Oliver Oakley, Ph.D.

Assistant Professor, Clinical Laboratory Science


Scholarly Interest

Concurrent Infection with P.carinii and CMV in mice

Despite the practice of antimicrobial prophylaxis, CMV and P. carinii (PC) pneumonia (PCP) are both leading cause of morbidity and mortality in patients with immunocompromised states resulting from malignancies, solid organ and bone marrow transplants, or AIDS. In addition, newborns with congenital or perinatal CMV infection also suffer from concomittent PCP. The interaction of these pathogens and their effects on host immune response is not clearly understood. Therefore, it is important to better understand the pathophysiology of PC and CMV dual infection.

Mechanisms of Exacerbation of GVHD by Murine CMV in BMT

Bone marrow transplantation (BMT) is being used for the treatment of a growing number of life threatening illnesses from leukemia to aplastic anemia. While many lives have been saved, the procedure is associated with serious risks, notably opportunistic infections and the development of graft versus host disease (GVHD). Cytomegalovirus (CMV) infection has been the most prevalent infectious agent found in BMT patients, and, prior to the use of preemptive ganciclovir therapy, was a major cause of death after BMT. The highest risk scenario for CMV occurs when a sero-positive recipient (with latent viral infection) receives bone marrow from a sero-negative donor, thus transplanting a “CMV-naïve” immune system into a host in whom the virus can reactivate during periods of immunosuppression. It is now well recognized that CMV infection can exacerbate GVHD after allogeneic BMT. However, the precise mechanisms by which CMV worsens GVHD remain incompletely defined.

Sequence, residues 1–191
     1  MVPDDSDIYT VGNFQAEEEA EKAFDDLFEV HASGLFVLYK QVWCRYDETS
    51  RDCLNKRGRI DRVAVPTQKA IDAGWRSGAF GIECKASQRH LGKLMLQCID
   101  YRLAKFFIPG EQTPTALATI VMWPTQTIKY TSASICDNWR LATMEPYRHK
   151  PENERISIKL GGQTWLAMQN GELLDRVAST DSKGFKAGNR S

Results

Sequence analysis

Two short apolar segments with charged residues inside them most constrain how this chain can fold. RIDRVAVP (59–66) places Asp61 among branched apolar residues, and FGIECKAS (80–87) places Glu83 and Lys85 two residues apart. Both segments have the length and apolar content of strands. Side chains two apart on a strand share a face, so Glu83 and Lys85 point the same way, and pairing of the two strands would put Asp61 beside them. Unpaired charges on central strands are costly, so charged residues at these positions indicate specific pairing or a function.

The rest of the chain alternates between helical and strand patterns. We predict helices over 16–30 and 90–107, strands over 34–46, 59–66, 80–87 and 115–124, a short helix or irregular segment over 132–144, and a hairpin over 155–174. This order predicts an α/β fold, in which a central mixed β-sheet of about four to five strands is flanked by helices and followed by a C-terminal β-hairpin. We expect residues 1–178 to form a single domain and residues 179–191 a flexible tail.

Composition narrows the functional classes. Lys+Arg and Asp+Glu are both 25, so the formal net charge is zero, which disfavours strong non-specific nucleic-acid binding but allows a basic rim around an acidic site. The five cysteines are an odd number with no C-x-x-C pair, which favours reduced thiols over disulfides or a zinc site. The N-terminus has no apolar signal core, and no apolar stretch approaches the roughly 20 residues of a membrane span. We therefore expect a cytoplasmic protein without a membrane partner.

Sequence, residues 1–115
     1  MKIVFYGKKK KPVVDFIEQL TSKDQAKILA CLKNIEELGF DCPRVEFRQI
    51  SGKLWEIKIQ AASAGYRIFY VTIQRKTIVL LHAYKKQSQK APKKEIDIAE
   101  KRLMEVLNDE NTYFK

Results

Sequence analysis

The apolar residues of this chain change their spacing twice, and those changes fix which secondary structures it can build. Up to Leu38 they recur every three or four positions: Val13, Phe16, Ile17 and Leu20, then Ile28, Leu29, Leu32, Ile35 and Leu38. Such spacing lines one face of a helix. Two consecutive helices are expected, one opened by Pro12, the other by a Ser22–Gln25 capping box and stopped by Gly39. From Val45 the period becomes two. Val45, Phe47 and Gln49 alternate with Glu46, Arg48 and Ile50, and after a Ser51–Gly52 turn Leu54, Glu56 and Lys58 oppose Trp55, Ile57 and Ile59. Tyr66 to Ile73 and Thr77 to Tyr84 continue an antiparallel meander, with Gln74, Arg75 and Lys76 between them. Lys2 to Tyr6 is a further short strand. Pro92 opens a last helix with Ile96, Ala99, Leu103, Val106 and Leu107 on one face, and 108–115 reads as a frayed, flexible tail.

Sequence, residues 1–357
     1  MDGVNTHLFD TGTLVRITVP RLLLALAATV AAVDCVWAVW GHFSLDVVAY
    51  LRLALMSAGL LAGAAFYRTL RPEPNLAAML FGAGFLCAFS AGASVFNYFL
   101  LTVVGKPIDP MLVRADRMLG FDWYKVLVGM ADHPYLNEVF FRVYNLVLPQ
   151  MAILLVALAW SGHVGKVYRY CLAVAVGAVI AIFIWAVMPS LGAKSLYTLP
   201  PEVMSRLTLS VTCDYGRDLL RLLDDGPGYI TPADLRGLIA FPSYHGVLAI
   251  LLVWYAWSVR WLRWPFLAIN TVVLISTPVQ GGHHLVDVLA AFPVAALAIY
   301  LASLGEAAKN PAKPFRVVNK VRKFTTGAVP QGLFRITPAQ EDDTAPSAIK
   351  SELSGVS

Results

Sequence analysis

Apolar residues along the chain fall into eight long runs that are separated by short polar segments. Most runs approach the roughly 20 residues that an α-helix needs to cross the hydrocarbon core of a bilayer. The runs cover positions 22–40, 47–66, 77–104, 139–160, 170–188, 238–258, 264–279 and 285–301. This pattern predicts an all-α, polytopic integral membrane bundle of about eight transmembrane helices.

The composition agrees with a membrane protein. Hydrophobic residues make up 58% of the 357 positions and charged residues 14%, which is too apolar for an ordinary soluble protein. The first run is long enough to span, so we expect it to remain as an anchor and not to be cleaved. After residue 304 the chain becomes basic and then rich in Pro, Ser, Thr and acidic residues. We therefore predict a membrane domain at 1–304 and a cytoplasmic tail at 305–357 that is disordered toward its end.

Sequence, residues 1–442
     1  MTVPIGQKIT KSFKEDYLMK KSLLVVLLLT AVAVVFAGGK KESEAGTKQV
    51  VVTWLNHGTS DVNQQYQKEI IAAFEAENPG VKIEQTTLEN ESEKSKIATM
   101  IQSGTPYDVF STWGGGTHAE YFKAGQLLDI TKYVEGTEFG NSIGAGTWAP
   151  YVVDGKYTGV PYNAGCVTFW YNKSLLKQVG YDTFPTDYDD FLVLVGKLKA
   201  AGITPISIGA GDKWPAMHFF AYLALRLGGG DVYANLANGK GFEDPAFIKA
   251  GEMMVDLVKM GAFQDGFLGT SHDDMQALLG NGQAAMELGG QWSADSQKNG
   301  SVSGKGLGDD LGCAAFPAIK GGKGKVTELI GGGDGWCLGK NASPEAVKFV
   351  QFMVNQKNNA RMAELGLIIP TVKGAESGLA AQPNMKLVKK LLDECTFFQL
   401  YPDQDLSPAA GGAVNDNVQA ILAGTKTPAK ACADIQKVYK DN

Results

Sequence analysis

Re-activation of Murine Cytomegalovirus in BMT and its Impact on Pneumonitis

Bone marrow transplantation (BMT) is being used extensively for the treatment of numerous life threatening diseases from leukemia to aplastic anemia. Whilst the procedure can offer life saving relief, it is also associated with serious risks, most notably opportunistic infections, including cytomegalovirus (CMV) graft-versus-host disease (GVHD) and numerous pulmonary complications. Interstitial pneumonia (IP) is the most common manifestation of CMV morbidity in BMT patients despite adequate treatment. The precise mechanism by which re-activating latent virus worsens IP is still unclear. My research focus is to define the mechanisms by which prior CMV infection causes exacerbation of IP in a murine model of allogeneic BMT.

Educational Focus

  • CSC 670 Histocompatibility and Immunogenetics
  • CSC 671 Molecular Immunopathogenesis
  • CSC 672 Transplantation
  • CSC 673 Flow Cytometry
Oliver Oakley, Ph.D.

Oliver Oakley, Ph.D.
Assistant Professor, Clinical Laboratory Science

Room 126C Wethington Building
900 South Limestone Street
Lexington, Kentucky 40536-0200
(859) 218-0849
Fax: (859) 257-2454